The electrician who wired our house when we built it must have heard rumors about my cooking skills because he installed eight smoke detectors. All eight are wired so when one goes off, they all do. And believe me, when they all start blaring at the same time, they sound like an air-raid signal. People in Canada probably can hear them.
When they first were installed, one of the detectors was in the habit of randomly setting off all of the other alarms whenever the mood struck. We weren’t living in the house at the time because it still was being built, so an assortment of joggers, dog walkers and people on bikes could hear the alarms blaring when they passed by and called 911. After the third time, I was pretty sure the local fire department was ready to form a lynch mob and string us up.
Naturally, the faulty detector wasn’t in an easy place to locate. The culprit turned out to be up in the attic – the attic that has no stairs leading up to it and is accessible only through a hole in ceiling in which no one weighing more than 100 pounds could squeeze through without needing the jaws of life.
The detectors also have backup batteries in case of a power failure. Unfortunately, when one battery gets weak, all of the detectors intermittently “chirp” to let us know that one of them needs changing. Then it’s a guessing game, trying to figure out which one of the eight it is. I’ve never understood how, when every battery is replaced at the same time and from the same new package, one of them always manages to die before all of the others. I suspect it’s part of some evil plot among the batteries, just to irritate us.
So last Saturday night, when my husband and I heard the familiar high-pitched chirping of the dying-battery signal just as we were sitting down to dinner, we both looked at each other and groaned.
“Any guess which one it is this time?” he asked, rolling his eyes.
“No clue,” I said. “But you realize if we don’t find it, we’ll have to suffer with that annoying chirping all night, even when we’re trying to sleep.”
By process of elimination, I finally tracked down the battery that had the death wish...out in the garage. I stood with my hands on my hips and glared up at the detector. It was on a rafter that looked about 10 feet high.
My husband can’t climb ladders because of his bad knees, and I won’t climb one because they terrify me. Usually I’m able to climb only a couple rungs before my legs start turning to Jell-O and I feel lightheaded.
I went back into the house, grabbed a kitchen chair and brought it out to the garage. I stood on the chair and extended my arm as far as I could toward the rafter. There was so much space between my fingertips and the detector that even if I’d been born with orangutan arms, I still couldn’t have reached it.
So the chirping continued.
“Well, we’re sure a great pair, aren’t we?” my husband said. “So what do we do now? All of this chirping is driving me crazy! It sounds like deranged birds or mating crickets!”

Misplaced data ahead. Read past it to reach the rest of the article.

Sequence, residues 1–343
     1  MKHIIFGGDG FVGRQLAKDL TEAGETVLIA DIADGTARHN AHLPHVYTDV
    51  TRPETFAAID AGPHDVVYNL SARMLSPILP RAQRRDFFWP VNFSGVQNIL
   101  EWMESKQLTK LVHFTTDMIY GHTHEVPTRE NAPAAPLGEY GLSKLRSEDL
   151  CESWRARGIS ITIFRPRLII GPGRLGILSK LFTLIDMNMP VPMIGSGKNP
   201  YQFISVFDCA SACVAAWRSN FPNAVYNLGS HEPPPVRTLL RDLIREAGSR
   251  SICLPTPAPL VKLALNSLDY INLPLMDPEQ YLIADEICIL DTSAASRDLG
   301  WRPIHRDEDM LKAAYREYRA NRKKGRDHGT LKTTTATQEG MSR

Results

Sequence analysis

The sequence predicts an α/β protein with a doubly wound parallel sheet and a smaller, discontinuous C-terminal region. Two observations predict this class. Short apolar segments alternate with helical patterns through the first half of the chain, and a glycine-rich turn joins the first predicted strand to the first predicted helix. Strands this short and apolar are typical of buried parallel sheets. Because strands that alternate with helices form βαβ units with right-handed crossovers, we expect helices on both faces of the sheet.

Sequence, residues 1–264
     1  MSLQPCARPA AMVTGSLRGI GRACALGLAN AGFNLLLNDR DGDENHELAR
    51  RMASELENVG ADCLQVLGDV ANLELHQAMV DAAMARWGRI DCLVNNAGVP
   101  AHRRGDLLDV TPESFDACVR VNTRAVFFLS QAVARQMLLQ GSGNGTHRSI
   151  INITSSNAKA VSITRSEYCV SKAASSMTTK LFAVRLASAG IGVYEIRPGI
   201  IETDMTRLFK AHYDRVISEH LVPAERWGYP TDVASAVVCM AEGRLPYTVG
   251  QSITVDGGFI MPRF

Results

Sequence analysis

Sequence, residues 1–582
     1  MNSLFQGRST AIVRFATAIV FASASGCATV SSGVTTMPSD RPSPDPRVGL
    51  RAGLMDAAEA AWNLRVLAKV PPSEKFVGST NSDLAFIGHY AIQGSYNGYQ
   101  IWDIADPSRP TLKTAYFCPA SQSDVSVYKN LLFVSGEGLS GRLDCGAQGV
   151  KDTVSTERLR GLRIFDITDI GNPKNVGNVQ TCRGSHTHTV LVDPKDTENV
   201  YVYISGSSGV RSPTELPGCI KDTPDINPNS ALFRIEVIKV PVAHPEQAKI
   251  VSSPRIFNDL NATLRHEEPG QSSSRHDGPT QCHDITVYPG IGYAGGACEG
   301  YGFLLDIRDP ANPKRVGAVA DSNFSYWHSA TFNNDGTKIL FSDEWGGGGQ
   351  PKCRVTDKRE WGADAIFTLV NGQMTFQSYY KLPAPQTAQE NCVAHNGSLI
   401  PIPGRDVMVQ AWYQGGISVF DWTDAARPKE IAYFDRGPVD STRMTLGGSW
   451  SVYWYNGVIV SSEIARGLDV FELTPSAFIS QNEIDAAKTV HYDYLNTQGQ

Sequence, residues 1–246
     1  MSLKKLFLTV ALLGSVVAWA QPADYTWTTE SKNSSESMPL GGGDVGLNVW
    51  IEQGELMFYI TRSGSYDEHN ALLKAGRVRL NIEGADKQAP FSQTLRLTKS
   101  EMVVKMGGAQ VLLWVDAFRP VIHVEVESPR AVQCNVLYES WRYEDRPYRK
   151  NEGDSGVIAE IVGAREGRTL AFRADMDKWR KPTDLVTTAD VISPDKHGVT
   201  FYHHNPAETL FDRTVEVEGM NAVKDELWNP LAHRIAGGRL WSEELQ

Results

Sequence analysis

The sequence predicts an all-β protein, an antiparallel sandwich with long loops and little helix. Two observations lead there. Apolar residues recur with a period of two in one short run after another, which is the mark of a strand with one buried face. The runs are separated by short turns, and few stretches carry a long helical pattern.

I remembered a small, folding stepladder tucked away in the closet. Stepladders don’t scare me as much as regular ladders because they have steps instead of rungs and they’re not nearly as wobbly.
I found the stepladder and set it up directly below the smoke detector. Then I climbed one step, two steps, three steps...and froze. I could tell I needed to climb at least one more step before I’d be able to reach the detector, but I couldn’t move. My brain was saying, “Go ahead, you big coward! Do it!” while my legs were saying, “Noooo! We’re not budging! If you fall, you’ll break us!”
I climbed back down, went into the house and said to my husband, “I need you to come out to the garage and stand behind me while I’m on the stepladder. If I feel safer, I just might be able to make it up to the fourth step.”
He followed me back out to the garage and positioned himself behind me as I climbed up the three steps. I then tried to gather the courage to climb onto the fourth, but my legs started to get wobbly again.
“Hang onto my hips!” I shouted at my husband. He grabbed me by the bottom of the seat of my sweatpants and gave me an unexpected boost up to the next rung. I reached down with my left hand and grasped a handful of his hair to steady myself.
“Ow!” he complained, tightening his grip on my pants. “You’re yanking my hair!”
“And you’re giving me a wedgie!”
Cautiously, I extended my right hand and finally touched the object of my quest...which chirped into my ear as if to mock me. The ladder made a creaking sound.
“There’s a label down here on the ladder that says not to be used by anyone over 200 pounds,” my husband said. “When’s the last time you weighed yourself?”
I tightened my grip on his hair and twisted it. I used my other hand to unscrew the cover of the detector. When it was off, I spotted the demon battery, just within my reach. With my fingernail, I popped it out of the detector and then dug into my pocket for the new one. Trying to keep steady on my rubbery legs, I snapped the battery into the detector and screwed the cover back on.
The chirping stopped.
Very slowly, I climbed back down the ladder. When my feet hit the concrete floor, I knew how Neil Armstrong must have felt when he first set foot on the moon.
“We did it!” I cheered, hugging my husband. “Do you believe it? Now the next time this happens, I won’t be so scared! It should be a snap!”
“Yeah,” he said, rubbing his head. “As long as I don’t go bald before then.”
Maybe I should buy him some Rogaine, just to be safe.